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Topic: Arduino Shield for programmable DIY bench power supply with SCPI support (Read 643 times) previous topic - next topic


Hi everyone,

This is my first post in which I'd like to present an Arduino Shield designed for controlling dual channel DIY bench power supply.
My colleague and I are working on it for some time to provide all hardware and software functionality that we hope could be beneficial to anyone who'd like to follow our power supply design or use it with their own.

A whole thing starts as just an another attempt to build bench power supply, an essential tool for experimenting and prototyping.
Idea was to build something in between commercial "heavy weights" that comes from brands such as Keysight (ex. Agilent, ex. HP) or Keithley and many others (that recently starts to got Chinese counterparts like Rigol or Siglent) and DIY projects based frequently about small MCU that indeed include some of Arduino boards and designs. The gap between mentioned solutions is huge both in hardware and software sense. When we talk about hardware then commercial solutions leads in e.g. power capacity, long term precision and reliability. On the software side at least one feature is distinctive and comes almost without exception with commercial powers supplies: that is remote control/programming and monitoring based on SCPI command set that use IEEE488, Ethernet or USB as communication layer.
DIY projects that uses MCU for digital control is mostly based around low-end MCU what sounds logical since there is no big deal in setting voltage and current and read it back. 4x4 keypad or incremental encoder as an input and two line LCD display on the output and   that's all you need especially when there is readily available code when one decide to use Arduino sketches.
Following that logic our first attempt was to use Atmel ATmega32U4 that is in the core of the now retired Leonardo board. We enrich it with few things that lacking such as external EEPROM for more capacity, RTC and Ethernet controller. We started building power supply firmware and relalize very soon that 32K (-4K) of flash memory is far too low. Just adding Ethernet library was enough to exceed mentioned limit. Yes, most of DIY power supply do not utilize Ethernet since USB is on the disposal and therefore why to use it? But USB cable length cannot be compared with Ethernet one.

Arduino Shield
That was a moment for redesigning everything. Instead of adding more capable MCU to a new digital control PCB we made decision to build an Arduino Shield. In that time only two boards fit in our requirement for (much) more memory: Mega2560 and Due. Their form-factor dictated the size of the new board, together with enclosure that was chosen previously that we found affordable and of nice quality that comes from Hi-fi 2000/Modushop.biz.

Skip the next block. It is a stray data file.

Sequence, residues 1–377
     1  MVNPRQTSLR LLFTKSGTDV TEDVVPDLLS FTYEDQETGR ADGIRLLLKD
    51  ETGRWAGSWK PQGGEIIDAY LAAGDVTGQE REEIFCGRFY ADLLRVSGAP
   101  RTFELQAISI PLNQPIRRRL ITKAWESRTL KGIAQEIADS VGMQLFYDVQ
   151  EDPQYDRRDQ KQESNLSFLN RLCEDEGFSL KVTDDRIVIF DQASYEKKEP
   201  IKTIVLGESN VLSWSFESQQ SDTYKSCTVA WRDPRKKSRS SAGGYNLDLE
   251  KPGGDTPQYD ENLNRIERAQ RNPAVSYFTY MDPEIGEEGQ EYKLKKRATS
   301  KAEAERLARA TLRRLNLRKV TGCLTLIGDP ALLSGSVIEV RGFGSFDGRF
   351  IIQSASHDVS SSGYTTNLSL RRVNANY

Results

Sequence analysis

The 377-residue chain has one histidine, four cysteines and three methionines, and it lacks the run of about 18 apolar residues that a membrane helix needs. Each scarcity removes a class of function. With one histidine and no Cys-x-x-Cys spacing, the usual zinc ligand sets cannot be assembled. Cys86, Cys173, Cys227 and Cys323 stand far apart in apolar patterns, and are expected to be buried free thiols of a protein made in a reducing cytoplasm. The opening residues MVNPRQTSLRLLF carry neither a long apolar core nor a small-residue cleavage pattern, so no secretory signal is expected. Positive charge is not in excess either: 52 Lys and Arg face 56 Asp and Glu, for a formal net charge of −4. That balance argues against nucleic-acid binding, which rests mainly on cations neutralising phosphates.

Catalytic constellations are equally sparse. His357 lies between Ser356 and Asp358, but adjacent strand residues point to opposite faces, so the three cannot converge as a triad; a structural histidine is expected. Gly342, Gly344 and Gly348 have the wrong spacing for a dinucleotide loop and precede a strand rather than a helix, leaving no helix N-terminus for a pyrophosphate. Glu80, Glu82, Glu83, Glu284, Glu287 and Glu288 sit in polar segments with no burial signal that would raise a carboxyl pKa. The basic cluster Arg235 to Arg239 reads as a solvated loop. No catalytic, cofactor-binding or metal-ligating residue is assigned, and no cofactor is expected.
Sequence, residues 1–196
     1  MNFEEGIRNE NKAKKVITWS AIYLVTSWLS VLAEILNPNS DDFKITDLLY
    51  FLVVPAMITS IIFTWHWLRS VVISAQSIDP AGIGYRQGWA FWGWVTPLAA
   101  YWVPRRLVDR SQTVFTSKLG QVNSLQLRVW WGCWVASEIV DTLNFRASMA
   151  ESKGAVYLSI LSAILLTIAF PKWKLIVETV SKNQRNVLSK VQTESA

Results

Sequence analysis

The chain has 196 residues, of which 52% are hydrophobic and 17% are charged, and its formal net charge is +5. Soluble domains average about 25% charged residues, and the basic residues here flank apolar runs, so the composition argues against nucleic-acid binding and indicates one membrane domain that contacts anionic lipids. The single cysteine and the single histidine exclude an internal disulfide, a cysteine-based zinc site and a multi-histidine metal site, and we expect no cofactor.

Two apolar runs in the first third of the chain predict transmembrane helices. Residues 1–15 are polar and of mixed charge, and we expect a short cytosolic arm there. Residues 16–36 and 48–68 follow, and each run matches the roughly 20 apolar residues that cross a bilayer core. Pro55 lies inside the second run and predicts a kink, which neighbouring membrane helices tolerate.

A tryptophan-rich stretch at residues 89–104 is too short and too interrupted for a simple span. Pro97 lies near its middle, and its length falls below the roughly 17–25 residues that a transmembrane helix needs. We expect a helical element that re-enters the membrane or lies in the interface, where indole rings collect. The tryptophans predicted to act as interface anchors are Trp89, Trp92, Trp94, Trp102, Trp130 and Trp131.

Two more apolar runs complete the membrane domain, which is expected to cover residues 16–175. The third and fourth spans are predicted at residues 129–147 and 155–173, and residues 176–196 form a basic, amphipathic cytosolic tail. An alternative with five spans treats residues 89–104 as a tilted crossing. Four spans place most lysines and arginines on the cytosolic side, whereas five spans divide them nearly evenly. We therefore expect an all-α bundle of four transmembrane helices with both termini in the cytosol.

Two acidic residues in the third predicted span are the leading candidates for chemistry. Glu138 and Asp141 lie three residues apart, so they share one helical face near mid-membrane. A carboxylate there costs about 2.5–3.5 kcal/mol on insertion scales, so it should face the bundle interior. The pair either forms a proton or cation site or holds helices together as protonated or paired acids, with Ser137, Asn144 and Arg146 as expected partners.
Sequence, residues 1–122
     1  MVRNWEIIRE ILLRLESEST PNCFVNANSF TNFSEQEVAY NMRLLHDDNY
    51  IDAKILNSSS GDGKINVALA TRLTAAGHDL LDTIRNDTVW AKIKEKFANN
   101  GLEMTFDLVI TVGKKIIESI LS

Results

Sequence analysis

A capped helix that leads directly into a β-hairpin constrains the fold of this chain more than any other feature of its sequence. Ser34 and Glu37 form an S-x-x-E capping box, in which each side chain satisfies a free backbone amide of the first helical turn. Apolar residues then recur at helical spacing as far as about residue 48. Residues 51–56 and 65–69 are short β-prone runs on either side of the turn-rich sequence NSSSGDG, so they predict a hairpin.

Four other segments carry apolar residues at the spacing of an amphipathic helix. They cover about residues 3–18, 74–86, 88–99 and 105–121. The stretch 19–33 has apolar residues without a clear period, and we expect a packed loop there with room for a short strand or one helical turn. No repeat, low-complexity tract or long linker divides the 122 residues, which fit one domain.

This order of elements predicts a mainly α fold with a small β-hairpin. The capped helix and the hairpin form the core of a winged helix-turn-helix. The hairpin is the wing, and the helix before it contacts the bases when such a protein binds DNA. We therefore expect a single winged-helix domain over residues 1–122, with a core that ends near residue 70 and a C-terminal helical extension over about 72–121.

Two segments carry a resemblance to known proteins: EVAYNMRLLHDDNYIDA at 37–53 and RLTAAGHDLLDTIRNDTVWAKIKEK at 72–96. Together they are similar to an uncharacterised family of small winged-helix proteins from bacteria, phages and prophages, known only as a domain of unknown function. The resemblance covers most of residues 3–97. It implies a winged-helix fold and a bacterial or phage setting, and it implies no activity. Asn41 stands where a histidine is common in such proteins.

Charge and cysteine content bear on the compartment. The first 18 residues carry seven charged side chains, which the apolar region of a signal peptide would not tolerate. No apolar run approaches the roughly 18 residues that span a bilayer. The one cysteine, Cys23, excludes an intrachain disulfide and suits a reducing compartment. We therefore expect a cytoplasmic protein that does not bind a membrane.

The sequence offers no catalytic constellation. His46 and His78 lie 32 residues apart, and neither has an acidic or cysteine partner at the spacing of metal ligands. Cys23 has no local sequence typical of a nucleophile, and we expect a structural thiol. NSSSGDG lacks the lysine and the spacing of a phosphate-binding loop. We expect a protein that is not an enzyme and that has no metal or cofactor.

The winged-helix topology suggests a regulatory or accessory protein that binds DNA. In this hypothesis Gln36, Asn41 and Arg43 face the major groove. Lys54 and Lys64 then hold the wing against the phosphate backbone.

Hopefully Arduino will continue to offer mentioned and new boards using the same form factor (even newcomers such as Zero or MKR1000 does not support that claim).
When decision about form factor was made, another was about supporting architecture because Mega and Due comes from different clans: 8-bit AVR and 32-bit ARM that is programming-wise made transparent thanks to the Arduino IDE but on the hardware levels require different supply and logical level voltages: 5V and 3.3V. That decision simplify existence of really versatile Texas Instruments bus transceiver: SN74LVCC3245. Now we could continue with development taking into account some already used features that such digital control board should have.

Feature overview
  • Outputs and remote sense inputs protection using TVSs, MOVs and SAR
  • LED indications for output enable, remote sense and Stand-by mode
  • Power relays for making serial or parallel connection of two outputs
  • Signal relays for remote or local voltage sense
  • Connectors for hosting Arduino Mega/Due board
  • On-board 3.3V/1A LDO powering all peripherals
  • Analog input for temperature sensor
  • Soft-start/Stand-by control for the Auxiliary power supply module
  • Level shifters for 3.3V ↔ 5V (3.3V ↔ 3.3V is also supported)
  • Digital isolators for two SPI-bus/port for output channels control (power supply's post-regulator module)
  • Buzzer
  • External EEPROM
  • Real-time clock (RTC) with supercap back-up
  • Ethernet controller
  • TFT color display with touch-screen
  • LED CV/CC mode indicators
  • Optional V/F (Voltage-to-Frequency) converters for isolated temperature sensors (NTCs) that can be used for battery temperature monitoring

Few pictures

Rear side without Arduino board

Read side with Arduino board plugged in

Front side with binding posts mounted

In the few posts that follows I'll present in more details hardware and software aspects of this shield and some plans for the future changes and improvements.


Let's continue with schematic. It is organized in five sheets and I'll describe it as it appears in Eagle files that could be found on the GitHub.